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Algood Approves Liquor Ordinance First Reading

/ The Upper Cumberland's News Leader
Algood Approves Liquor Ordinance First Reading

The ordinance regulating liquor by the drink in Algood was approved on its first reading Tuesday night.

The approval came after the city council approved the referendum’s results. As the ordinance stands now, Algood would would receive a 15 percent privilege tax paid by the seller, which the state would send back to the city. City Attorney Danny Rader did make a change to the ordinance before Tuesday night.

Addressing concerns over selling liquor at events sponsored by non-profits and charitable organizations in city parks.

“We’ve rewritten this so that it will say, ‘except at special events which are city of Algood sponsored or co-sponsored events, at any locations as may be designated by the city of Algood City Administrator,” Rader said. “Taking out the general provisions for event permits at the city and county parks.”

Rader said as its written now, Algood would be limited to selling alcohol at city sponsored or co-sponsored events.

Councilman Ron Graves said that he knows a lot of small towns that do not allow anything in their parks. Rader said cities like Cookeville for example, do allow this because there are not many options for alternative venues, beyond parks.

“There’s just not other avenues… There’s not other locations available,” Rader said at Monday night’s work session. “In Cookeville to host those kinds of events, and so they felt like it was important to have that kind of mechanism available. In order to make that kind of space available, because it was a smaller community.”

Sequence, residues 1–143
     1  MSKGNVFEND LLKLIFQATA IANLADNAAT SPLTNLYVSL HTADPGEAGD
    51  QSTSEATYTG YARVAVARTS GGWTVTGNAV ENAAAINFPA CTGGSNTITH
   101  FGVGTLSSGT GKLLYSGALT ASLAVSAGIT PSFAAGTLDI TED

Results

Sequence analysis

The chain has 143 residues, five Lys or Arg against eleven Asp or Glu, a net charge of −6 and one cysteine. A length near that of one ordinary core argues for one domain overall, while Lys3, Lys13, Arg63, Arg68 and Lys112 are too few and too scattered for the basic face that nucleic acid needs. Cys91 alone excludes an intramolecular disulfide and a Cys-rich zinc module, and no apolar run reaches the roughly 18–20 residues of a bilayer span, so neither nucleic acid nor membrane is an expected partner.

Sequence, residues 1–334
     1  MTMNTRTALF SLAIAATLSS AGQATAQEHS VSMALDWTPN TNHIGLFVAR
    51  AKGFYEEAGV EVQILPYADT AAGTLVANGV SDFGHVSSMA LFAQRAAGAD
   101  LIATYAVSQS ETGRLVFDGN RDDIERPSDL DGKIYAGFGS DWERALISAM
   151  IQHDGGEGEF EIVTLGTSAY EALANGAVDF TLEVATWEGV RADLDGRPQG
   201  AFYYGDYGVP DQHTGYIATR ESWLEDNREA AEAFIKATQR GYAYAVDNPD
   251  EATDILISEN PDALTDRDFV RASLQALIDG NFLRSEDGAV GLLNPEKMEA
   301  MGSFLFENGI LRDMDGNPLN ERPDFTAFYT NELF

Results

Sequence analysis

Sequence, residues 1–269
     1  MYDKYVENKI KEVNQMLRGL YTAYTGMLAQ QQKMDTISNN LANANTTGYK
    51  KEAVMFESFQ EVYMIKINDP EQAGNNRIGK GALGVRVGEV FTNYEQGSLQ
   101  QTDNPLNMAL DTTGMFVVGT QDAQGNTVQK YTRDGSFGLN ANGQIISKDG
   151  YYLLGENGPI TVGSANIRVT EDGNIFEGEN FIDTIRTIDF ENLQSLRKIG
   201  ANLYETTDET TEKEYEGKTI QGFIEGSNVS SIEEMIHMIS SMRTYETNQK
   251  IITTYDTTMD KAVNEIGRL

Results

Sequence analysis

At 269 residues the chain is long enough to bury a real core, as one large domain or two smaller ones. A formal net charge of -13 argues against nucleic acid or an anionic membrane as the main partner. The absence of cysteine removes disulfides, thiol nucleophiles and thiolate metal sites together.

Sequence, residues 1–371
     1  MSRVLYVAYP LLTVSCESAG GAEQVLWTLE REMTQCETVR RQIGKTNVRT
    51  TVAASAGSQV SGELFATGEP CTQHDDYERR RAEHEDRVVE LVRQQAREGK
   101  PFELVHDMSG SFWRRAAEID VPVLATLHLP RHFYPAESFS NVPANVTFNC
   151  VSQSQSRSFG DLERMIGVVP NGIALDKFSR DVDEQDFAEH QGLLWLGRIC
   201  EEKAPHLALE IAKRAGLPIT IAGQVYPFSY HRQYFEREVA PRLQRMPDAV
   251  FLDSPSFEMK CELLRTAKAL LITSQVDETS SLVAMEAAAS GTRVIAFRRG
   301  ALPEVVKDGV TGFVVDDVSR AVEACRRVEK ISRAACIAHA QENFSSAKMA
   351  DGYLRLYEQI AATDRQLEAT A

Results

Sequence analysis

Restaurants will only be permitted to sell liquor in areas zoned for general commercial and central business. According to Tennessee law, Rader said Algood can not put any distance restrictions in.

“That’s been a huge point of contention in a number of cities that have passed liquor by the drink,” Rader said Monday night. “Because many cities, including Algood, have distance restrictions with respect to beer. The state law does not have any distance restrictions and you’re not able to impose them… Because as we talked about in that last work session, it’s the state that regulates the sale of liquor or other high alcohol beverages, and the city does not have that power.”

These distance restrictions are in reference to a business selling liquor near a school or a church. The Algood Beer Board will still have the power to regulate businesses that are only selling beer.

However, Rader said he wrote this provision to grant a beer permit, if someone is granted a state liquor license. Rader said this was to avoid controversies of businesses allowed to serve liquor, but not beer.


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